That makes it harder for the Bond franchise to stray from its formula, mostly because audiences are more strongly connected to it: you have to have the martinis – shaken, not stirred – even if that drink doesn’t make much sense as a beverage of choice in 2018; you have to have the gadgets and state-of-the-art technology, even as such things become less fantastical to everyday audiences; you have to have the Bond Girls, despite that concept being horribly outdated and at odds with modern cinema. All of these things can be changed, and they have over the years, but the urge to return to what audiences know is frequently too strong to ignore. Mission: Impossible hasn’t had to worry so much about these things, mostly because the franchise doesn’t have those kinds of iconic markers. They have the self-destructing messages and such but none of these things define the movies in quite the same way an Aston Martin and sexy woman with a sexual pun for a name defines Bond. They can afford to tinker with their formula more dramatically.
Where this franchise fares stronger than Bond is in the freedom it has with its protagonist. Ethan Hunt is a cipher more than a definable character. You watch him and know you’re just watching Tom Cruise (and he has played the role in each film for over 22 years, whereas Bond refreshes itself regularly with a new actor). While Cruise has proven himself repeatedly to be a talented actor, he has been a megastar of gigantic proportions for most of his career, and that defines him more than any character he plays. Where that would be limiting for many, Cruise has embraced it, using the franchise and the role of Ethan Hunt as a stepping stone for the kind of ambitious stunt work most actors could only dream of. By not caring all that much about the character, Cruise can do more with the films. Bond doesn’t have that luxury, for better or worse.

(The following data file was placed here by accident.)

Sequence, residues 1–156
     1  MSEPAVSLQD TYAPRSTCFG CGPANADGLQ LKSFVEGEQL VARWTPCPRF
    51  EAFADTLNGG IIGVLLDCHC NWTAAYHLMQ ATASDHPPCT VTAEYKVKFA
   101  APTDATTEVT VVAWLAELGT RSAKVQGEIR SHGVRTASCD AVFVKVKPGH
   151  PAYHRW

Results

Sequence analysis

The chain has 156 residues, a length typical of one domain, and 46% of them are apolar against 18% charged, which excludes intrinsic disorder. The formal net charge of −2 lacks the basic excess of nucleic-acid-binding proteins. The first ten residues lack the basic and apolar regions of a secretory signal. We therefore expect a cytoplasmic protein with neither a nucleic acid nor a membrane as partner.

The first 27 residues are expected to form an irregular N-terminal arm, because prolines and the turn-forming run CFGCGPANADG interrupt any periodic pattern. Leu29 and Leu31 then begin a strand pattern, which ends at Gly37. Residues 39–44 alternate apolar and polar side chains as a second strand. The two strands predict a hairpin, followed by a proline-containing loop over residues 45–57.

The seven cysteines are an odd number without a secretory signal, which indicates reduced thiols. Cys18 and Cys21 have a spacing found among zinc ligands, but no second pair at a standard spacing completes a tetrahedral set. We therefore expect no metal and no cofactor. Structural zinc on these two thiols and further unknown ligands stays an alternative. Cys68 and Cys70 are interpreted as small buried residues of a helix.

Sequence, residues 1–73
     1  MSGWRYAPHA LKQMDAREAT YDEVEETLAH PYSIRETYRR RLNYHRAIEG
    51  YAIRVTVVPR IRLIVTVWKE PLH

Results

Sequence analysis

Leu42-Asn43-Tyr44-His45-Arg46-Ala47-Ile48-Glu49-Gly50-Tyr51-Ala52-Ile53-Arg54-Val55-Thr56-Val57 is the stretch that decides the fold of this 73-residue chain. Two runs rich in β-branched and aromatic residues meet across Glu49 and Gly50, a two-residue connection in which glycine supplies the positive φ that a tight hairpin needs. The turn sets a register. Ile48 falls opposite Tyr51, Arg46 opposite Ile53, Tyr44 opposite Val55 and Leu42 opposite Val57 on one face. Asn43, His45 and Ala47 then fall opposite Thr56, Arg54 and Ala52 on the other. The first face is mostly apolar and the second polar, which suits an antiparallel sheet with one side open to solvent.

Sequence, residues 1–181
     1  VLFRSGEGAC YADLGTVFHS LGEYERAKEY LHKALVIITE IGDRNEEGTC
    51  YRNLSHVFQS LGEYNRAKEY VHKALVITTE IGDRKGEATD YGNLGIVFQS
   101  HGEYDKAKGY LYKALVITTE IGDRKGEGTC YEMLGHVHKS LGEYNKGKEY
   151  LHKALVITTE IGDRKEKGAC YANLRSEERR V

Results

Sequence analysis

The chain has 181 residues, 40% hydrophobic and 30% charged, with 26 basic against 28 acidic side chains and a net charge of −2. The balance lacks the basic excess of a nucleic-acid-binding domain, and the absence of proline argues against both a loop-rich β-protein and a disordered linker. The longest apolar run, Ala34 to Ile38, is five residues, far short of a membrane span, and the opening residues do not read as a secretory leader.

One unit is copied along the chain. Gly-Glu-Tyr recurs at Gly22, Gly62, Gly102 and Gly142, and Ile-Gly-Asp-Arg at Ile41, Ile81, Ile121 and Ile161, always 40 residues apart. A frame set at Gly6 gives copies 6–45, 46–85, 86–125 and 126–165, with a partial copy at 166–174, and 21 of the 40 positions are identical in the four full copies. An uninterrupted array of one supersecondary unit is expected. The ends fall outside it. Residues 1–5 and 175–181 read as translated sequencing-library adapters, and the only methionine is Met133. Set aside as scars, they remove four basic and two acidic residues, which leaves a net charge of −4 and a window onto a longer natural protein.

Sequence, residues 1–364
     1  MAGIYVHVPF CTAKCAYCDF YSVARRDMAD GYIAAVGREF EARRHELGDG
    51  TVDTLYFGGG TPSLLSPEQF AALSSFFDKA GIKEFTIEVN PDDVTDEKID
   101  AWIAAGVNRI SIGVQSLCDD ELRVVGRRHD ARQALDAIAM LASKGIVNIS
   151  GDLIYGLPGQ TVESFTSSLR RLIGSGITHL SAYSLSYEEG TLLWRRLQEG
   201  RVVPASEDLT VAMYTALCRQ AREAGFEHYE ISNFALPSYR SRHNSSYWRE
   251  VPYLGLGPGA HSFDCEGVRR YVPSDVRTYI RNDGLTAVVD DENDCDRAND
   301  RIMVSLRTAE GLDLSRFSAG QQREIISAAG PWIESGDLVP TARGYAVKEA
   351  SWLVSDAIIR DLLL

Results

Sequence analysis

The problem with the Bond formula is that so much of it is rooted in ideas that simply don’t fly in 2018. The books are far more lascivious than the movies, with Bond frequently expressing racist and homophobic views, as well as drinking and smoking to levels that would send most normal people to the emergency room. Nowadays, Bond doesn’t smoke and is less heavy with the puns, but many of those traditional markers remain, the most notable being the Bond girls. There will always be gorgeous women with unusual names for Bond to seduce. They’ll typically be a decade or so younger than him (Monica Bellucci in Spectre provided that rarity of an age-appropriate love-interest for Bond), and at least one women in each film will probably die horribly. The franchise will have to directly confront this problem at some point. Even Daniel Craig has been vocal in calling the character a misogynist. Yet, for better or worse, that is his character, so how can you make that formula evolve beyond surface level changes and have it stick?